Most adults will be eligible for this vaccine. However, some may need to avoid it for safety reasons.

The Centers for Disease Control and Prevention (CDC) advise that people do not get the Pfizer vaccine if they have had a severe or immediate allergic reaction to any ingredient in an mRNA COVID-19 vaccine, e.g., to polyethylene glycol (PEG) or polysorbate.

The CDC define an immediate allergic reaction as a reaction that takes place within 4 hours of exposure, causing symptoms such as:

  • hives
  • swelling
  • wheezing or difficulty breathing

People who have experienced allergic reactions to other vaccines should speak with a healthcare professional before getting a COVID-19 vaccine.

People should also speak with a doctor before getting the Pfizer vaccine if they have:

  • other allergies
  • a fever
  • a bleeding disorder or take medications to thin the blood
  • a compromised immune system or take medication that affects the immune system
  • are pregnant, planning to become pregnant, or are breastfeeding
  • have already received another COVID-19 vaccine

Learn more about getting the COVID-19 vaccination here.

When considering the impact of the Pfizer vaccine, it is important to distinguish between its efficacy and its effectiveness.

“Efficacy” refers to the vaccine’s performance under ideal and controlled circumstances, such as in clinical trials. “Effectiveness” refers to its performance in real-world situations.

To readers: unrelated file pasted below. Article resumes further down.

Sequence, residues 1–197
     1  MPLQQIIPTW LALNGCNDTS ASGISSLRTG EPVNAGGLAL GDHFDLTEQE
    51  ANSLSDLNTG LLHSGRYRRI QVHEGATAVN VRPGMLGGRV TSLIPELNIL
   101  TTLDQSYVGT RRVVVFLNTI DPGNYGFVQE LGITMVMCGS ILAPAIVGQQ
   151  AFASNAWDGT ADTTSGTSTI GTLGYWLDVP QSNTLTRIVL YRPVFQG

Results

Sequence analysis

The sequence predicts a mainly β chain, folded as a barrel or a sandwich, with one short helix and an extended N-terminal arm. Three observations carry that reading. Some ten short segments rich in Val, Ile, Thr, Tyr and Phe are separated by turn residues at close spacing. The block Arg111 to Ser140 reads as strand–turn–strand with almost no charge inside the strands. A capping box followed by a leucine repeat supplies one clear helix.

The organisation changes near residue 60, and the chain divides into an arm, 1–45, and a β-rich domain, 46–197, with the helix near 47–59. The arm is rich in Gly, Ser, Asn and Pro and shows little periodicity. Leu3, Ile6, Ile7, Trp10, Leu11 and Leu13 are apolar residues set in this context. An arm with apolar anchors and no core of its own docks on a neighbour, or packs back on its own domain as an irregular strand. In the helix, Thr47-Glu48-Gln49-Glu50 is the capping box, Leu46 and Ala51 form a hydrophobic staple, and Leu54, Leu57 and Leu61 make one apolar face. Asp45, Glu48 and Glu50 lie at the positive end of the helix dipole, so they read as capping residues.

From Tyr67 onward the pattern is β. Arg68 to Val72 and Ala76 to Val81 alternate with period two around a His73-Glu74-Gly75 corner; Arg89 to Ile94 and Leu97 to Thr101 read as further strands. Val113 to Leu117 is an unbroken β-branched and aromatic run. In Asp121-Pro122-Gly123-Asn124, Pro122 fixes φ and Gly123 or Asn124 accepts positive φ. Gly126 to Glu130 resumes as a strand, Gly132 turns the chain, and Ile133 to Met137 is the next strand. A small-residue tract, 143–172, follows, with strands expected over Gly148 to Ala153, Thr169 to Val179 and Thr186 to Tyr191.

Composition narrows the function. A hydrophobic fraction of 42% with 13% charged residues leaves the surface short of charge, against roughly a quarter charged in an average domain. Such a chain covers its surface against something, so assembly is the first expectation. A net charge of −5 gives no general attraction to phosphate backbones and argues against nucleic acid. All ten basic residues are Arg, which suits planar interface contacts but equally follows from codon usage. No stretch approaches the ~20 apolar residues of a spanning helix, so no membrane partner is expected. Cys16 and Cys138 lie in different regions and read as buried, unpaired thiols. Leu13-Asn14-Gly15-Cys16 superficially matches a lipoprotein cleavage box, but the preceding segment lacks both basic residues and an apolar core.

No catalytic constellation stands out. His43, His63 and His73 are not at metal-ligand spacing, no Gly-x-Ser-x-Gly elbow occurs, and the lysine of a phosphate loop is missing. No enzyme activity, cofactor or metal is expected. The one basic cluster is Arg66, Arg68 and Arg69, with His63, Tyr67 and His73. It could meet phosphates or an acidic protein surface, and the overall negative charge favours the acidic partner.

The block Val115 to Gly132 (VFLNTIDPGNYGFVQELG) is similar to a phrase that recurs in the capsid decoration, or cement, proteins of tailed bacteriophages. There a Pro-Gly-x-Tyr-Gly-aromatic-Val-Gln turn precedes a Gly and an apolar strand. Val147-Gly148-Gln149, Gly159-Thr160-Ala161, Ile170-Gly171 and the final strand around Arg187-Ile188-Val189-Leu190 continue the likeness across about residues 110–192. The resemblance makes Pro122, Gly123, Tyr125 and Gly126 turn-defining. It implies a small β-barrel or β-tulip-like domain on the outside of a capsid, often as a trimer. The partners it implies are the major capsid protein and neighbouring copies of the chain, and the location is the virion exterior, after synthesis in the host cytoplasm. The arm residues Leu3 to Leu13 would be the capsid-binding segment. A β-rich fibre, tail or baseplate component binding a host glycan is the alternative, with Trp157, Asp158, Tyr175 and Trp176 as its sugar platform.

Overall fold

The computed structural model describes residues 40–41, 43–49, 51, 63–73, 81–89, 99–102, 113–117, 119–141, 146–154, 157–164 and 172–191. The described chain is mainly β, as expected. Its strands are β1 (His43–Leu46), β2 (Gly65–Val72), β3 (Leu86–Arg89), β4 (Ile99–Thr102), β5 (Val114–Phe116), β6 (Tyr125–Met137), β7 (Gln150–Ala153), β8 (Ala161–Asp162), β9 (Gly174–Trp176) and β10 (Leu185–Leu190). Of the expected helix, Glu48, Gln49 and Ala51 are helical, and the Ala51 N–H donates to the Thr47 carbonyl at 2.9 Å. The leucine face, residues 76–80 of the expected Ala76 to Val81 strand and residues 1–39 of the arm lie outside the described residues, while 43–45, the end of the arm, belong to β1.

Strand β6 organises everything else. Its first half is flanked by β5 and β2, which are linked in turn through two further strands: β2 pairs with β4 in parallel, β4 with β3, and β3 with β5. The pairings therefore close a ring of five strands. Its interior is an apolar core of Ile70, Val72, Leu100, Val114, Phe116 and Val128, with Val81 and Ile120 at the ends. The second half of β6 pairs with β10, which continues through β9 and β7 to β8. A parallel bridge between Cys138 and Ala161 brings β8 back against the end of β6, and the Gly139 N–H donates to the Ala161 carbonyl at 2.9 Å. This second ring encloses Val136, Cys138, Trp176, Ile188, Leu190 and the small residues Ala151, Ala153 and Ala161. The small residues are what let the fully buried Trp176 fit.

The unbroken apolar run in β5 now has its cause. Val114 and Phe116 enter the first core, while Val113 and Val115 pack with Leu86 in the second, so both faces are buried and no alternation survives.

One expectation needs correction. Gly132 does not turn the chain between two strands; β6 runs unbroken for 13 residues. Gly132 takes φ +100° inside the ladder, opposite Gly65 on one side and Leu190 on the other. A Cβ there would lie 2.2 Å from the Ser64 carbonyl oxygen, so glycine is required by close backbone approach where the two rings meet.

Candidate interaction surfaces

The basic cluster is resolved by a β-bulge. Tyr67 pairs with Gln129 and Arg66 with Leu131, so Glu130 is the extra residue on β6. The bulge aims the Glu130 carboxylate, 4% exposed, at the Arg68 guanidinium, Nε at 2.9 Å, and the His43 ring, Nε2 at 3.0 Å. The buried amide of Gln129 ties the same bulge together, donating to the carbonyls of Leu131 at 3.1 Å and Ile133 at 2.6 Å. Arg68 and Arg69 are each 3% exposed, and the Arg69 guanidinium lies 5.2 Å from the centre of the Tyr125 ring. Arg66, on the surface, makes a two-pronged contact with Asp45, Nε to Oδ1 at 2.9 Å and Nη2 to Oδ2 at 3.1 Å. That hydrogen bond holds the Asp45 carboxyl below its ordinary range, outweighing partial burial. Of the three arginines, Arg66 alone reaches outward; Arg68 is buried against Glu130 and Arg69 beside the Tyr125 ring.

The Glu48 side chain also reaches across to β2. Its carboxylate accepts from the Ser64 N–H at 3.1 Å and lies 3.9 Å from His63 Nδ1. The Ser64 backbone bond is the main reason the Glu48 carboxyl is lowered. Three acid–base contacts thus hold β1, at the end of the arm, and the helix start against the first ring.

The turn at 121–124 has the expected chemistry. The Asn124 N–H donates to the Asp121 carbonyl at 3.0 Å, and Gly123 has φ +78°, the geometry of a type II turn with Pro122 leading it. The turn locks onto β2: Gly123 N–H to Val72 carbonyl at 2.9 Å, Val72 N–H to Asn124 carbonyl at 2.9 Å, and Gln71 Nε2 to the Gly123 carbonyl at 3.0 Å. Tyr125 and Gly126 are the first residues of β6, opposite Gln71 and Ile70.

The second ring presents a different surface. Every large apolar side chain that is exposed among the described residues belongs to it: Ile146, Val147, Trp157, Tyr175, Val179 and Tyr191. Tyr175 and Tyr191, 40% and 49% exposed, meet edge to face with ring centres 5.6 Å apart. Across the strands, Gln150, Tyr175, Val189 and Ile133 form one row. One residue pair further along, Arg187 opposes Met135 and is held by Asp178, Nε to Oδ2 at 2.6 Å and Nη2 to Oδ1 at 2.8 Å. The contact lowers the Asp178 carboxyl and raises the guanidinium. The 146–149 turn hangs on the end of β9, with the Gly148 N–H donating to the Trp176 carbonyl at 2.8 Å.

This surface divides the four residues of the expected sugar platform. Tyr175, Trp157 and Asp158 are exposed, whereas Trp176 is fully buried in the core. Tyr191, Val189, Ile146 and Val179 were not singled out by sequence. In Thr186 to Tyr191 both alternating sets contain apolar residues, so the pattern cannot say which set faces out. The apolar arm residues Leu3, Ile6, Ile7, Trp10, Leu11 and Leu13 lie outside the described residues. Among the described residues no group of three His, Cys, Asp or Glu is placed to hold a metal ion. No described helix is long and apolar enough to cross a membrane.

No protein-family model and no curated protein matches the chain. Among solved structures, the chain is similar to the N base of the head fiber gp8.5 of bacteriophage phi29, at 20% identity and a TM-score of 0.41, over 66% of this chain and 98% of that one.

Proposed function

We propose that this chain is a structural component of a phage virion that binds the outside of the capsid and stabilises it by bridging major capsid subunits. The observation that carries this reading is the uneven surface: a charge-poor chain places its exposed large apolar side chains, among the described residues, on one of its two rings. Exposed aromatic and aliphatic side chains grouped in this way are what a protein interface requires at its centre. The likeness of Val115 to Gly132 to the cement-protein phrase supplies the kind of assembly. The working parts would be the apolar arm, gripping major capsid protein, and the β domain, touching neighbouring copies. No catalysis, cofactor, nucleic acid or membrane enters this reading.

There is strong evidence from clinical trials that the Pfizer vaccine has a high level of efficacy.

A trial involving 43,548 participants, funded by BioNTech and Pfizer, reported that 2 doses of their vaccine confer 95% protection against COVID-19 in people aged 16 years and older.


This result was consistent across age groups, sexes, races, ethnicities, and body weights, as well as those with underlying medical conditions and people who have already had a SARS-CoV-2 infection.

A large study on the Pfizer vaccine involving about 1.2 million people in Israel supports the findings of clinical trials. It indicates that two doses of the vaccine reduce symptomatic cases of COVID-19 by 94% across all age groups after 7 days of receiving the second dose. The vaccine also reduces severe illness by 92%.

What about new variants?

In some parts of the world, new variants of the SARS-CoV-2 virus have emerged. While concerning, this is normal because viruses evolve over time.